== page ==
Topic 2 Overview of anti-racism and victim protection related EU treaties, law, rules and soft law (theory and recent jurisprudence)

Overview of anti-racism and victim protection related EU treaties, legislation, rules and soft law (theory and recent jurisprudence)

->Coherence, Unity, Effectiveness of EU Law

  • Guarantees uniformity of application of EU law – role of ECJ
  • Prevents Member States from pursuing self-interest legislation
  • Ensures Treaty rights of, inter alia, free movement available to all EU Citizens


-> Transforming the EU from ‘International’ to ‘Constitutional’

  Article 4 (3) TEU

  The Member States shall take any appropriate measure, general or particular, to ensure the fulfillment of the obligations arising out of the Treaties or resulting from the acts of the institutions of the Union.

  The Member States shall facilitate the achievement of the Union’s tasks and refrain from any measure which could jeopardise the attainment of the Union’s objectives.

Treaty of Lisbon Declaration 17 Concerning Primacy

The Conference recalls that, in accordance with well settled case law of the Court of Justice of the European Union, the Treaties and the law adopted by the Union on the basis of the Treaties have primacy over the law of Member States, under the conditions laid down by the said case law.

  • EU institutions are explicitly granted powers from the EU Treaties à actions to combat discrimination + adopt legislation to ensure a common high level of protection against discrimination in all the Member States

  • All EU legislation and policies adopted must comply with the provisions of the Charter, e.g. the Directives
  • Case C-236/09 Test-Achats and Others: the validity of the provision of the Directive must be assessed in light of the relevant provisions of the Charter, since the Recitals of that Directive expressly referred to the Charter​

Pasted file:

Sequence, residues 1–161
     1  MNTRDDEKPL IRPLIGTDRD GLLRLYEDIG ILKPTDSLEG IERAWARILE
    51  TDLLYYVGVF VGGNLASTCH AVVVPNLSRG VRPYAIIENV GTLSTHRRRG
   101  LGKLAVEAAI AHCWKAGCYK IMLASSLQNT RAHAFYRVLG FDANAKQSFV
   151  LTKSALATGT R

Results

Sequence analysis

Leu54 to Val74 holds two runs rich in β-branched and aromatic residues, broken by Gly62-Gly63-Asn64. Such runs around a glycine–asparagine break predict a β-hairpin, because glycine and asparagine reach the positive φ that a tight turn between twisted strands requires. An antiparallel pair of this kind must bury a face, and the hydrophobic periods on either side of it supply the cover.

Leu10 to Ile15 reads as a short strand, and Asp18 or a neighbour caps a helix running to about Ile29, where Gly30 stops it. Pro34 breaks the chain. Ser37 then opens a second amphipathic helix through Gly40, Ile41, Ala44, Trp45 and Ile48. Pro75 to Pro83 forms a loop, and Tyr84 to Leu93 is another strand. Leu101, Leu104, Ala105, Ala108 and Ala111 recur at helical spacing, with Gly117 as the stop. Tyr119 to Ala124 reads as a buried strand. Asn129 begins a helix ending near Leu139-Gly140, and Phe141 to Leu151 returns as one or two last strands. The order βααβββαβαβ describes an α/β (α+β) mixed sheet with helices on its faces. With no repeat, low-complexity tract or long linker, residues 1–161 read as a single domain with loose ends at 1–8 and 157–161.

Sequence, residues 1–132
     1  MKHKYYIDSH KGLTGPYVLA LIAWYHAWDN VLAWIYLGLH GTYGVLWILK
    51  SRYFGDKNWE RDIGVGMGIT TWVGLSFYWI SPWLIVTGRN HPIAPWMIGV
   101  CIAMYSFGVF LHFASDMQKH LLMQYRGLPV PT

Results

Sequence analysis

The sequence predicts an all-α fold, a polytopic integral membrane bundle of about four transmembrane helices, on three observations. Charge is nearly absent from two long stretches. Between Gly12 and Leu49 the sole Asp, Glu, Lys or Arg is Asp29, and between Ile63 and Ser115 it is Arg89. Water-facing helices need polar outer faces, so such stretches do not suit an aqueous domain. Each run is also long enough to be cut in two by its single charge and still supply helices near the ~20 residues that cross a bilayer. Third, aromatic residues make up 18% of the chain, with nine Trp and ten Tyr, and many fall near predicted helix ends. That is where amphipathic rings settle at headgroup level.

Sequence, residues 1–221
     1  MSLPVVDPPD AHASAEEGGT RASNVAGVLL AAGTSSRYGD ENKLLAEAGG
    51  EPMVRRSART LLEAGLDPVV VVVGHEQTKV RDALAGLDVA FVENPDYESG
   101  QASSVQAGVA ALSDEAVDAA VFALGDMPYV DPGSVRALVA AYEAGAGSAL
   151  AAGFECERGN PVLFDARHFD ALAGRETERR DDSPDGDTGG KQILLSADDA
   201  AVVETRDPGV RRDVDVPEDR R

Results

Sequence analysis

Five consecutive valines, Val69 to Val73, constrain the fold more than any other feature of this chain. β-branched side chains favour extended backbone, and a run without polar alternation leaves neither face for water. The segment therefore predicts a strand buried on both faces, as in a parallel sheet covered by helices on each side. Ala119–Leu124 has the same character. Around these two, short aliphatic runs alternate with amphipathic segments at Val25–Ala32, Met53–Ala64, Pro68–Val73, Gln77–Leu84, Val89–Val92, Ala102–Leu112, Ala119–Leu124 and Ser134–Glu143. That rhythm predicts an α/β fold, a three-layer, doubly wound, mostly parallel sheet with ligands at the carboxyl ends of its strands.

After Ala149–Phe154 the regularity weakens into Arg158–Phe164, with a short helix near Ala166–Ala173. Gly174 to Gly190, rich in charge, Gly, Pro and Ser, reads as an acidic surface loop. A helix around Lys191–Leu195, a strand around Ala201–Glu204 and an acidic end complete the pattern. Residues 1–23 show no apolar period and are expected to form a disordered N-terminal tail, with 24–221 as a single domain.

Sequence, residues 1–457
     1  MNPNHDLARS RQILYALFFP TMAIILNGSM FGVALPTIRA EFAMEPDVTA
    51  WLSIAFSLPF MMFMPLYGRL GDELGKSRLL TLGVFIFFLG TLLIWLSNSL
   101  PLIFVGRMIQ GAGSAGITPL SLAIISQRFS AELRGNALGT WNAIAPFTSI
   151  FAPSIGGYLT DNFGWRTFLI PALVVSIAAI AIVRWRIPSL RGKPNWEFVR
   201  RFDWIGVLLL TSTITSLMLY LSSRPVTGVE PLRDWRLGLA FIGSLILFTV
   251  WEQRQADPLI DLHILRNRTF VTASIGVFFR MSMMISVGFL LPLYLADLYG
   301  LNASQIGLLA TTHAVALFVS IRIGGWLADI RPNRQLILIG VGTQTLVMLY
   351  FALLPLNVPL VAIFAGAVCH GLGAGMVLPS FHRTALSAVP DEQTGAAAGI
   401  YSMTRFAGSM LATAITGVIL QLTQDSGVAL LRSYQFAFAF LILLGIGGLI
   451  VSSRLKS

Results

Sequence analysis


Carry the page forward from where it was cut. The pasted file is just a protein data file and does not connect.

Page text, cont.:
What happens if the Member States do not implement a Directive? Or if they wrongly implement a Directive in the national legal order?

The principle of Direct Effect as an option for the individual?

  • Ability to give rise to rights for individuals which they may enforce in their domestic courts (Van Gend en Loos)
  • Direct effect for Directives?
    • Van Duyn v Home Office, confirmed that Directives can have direct effect
    • Directly effective Directives must be sufficiently clear, precise, unconditional, and the time limit for implementation must be expired.
    • Directives can only be invoked vertically against the State or a public authority (Marshall v Southampton Area Health Authority)
    • What happens if an individual wants to enforce their rights included in a Directive against a private party, e.g. a private employer?

Case study: Assess whether the following provisions (1) can have direct effect and (2) the addressee of the claim, (3) why would an individual to seek to enforce these provisions using direct effect?

  • Article 6 Council Directive 76/207/EEC

‘Member States shall introduce into their national legal systems such measures as are necessary to enable all persons who consider themselves wronged by failure to apply to them the principle of equal treatment within the meaning of Articles 3, 4 and 5 to pursue their claims by judicial process after possible recourse to other competent authorities.’

  • Art 255 EC:

‘every citizen of the Union shall have a right of access … subject to the principles and conditions to be defined’